How Runner3 improves on perfection ⊟ The Bit.Trip Runner series…

How Runner3 improves on perfection ⊟ The Bit.Trip Runner series demands perfection in a way that many other games don’t. Make a single mistake in one of its auto-scrolling stages – “bonk” – and you’re zipped back to the beginning. Each stage is a...

How Runner3 improves on perfection ⊟ 

The Bit.Trip Runner series demands perfection in a way that many other games don’t. Make a single mistake in one of its auto-scrolling stages – “bonk” – and you’re zipped back to the beginning. Each stage is a gauntlet of obstacles to jump, slide, and kick through, with a line of gold bars tempting you, with each move and item triggering a musical cue.

You can choose to collect all the gold, or not – so, you can play “perfectly” by avoiding every obstacle, or you can play more perfectly by going for the gold. In making sequels to Runner, developer Choice Provisions has had to find ways to increase player choice while maintaining the reactive gameplay, and in the process it’s introduced multiple additional layers of perfection.

Now in Runner3, you can simply complete a level; you can also collect all the gold. After completing a stage once, you can also take an alternate path for gems. Some stages have branches that lead to a “Hero Quest,” where some monstrous cartoon weirdo will ask for items hidden within other stages, so you can go back and find those. Hidden items also unlock “Retro Challenges,” which offer in-game currency you can trade for cosmetic items – collecting all the costumes, capes, and accessories is another totally optional goal. On top of that, there are bonus “Impossible” levels, which may not actually be impossible but I ain’t going to finish any of them.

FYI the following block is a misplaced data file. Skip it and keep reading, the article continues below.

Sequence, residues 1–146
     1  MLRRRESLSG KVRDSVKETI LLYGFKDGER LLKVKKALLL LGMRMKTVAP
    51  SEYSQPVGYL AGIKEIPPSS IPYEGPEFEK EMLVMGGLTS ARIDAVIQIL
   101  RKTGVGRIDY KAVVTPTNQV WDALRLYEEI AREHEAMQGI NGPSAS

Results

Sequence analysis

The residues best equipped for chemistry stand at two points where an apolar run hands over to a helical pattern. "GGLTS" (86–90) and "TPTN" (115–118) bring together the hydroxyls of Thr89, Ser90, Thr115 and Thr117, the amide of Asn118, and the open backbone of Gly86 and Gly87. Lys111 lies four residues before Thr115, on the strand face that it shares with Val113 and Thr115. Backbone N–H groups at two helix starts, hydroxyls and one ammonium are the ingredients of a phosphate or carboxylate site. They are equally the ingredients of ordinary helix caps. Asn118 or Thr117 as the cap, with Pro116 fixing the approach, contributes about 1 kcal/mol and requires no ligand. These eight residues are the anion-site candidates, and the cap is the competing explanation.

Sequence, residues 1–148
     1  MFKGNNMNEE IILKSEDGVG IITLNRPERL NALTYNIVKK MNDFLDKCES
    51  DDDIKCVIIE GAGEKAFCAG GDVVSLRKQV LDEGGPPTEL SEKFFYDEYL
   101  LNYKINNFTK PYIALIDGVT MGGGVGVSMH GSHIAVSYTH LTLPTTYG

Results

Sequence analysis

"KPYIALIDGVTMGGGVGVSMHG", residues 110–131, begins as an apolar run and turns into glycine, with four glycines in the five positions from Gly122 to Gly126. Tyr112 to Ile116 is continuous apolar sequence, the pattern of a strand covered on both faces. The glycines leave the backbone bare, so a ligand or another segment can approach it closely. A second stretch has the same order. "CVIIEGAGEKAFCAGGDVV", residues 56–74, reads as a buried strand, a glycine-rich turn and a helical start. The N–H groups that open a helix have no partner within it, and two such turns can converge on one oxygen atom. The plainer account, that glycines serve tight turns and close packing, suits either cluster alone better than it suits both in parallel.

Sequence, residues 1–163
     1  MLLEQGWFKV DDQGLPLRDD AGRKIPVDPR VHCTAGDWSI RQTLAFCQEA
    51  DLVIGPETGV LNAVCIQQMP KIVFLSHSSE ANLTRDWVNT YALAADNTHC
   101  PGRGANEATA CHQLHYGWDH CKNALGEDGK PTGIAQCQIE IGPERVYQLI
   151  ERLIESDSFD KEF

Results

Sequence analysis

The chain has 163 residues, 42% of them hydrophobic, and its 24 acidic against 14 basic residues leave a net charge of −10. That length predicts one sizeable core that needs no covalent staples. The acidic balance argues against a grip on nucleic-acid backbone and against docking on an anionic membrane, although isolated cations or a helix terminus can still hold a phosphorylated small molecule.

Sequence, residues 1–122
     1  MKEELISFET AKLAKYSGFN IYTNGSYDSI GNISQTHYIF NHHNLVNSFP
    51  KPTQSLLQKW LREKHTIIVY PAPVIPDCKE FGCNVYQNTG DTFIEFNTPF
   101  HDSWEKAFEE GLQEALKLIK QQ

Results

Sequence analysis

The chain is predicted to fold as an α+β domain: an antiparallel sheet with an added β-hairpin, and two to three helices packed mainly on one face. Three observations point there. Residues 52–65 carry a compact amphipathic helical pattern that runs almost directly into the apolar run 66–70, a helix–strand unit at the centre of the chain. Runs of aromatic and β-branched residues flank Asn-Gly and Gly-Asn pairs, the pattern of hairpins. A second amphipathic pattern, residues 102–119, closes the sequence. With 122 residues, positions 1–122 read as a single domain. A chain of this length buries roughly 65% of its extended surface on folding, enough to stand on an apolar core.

I’ve been thinking about this a lot, for years, ever since Runner2 introduced branching paths. I’m fascinated how, in the process of demanding a mistake-free performance, Runner somehow gives you permission to make unlimited mistakes, and even expects them. “Bonking” is inevitable, and each bonk adds to your growing muscle memory of a stage, so bonk away. Because the game is so exacting, failed runs seem less like failures, and more like studying. I will note, though, that Runner3 shows you how many times you’ve bonked at the beginning of every attempt. This will hurt you.

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Runner3 adds to player choice not just in terms of these additional goals to seek or ignore, but also in moment-to-moment gameplay. The controls are much less rigid than before, thanks to the new double-jump and slide move. It’s now possible to fine-tune a jump even if it’s executed imperfectly, and to double-jump even when it’s unnecessary. It pushes Runner even further into the weird limbo it occupies between platforming and rhythm game, and makes play feel less like reacting and a little more like performing. Some stages allow CommanderVideo to pilot a plane, drive a car, or operate a more… miscellaneous vehicle, and some stages even change perspective from the formerly rigid side-view. In both cases, analog movement is possible, which feels super weird for this exacting game, but somehow works, allowing even more of a personal touch from the player. Additional “retro” levels even allow for full movement left or right.

The experimentation worked. For me, Runner3 is the most enjoyable game in the series, standardizing stage length, adding weirder jokes (many delivered in a virtuoso performance by Charles Martinet), and improving in many ways on the first game – which I already considered “perfect.”

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Source : http://tinycartridge.com/post/175345273527

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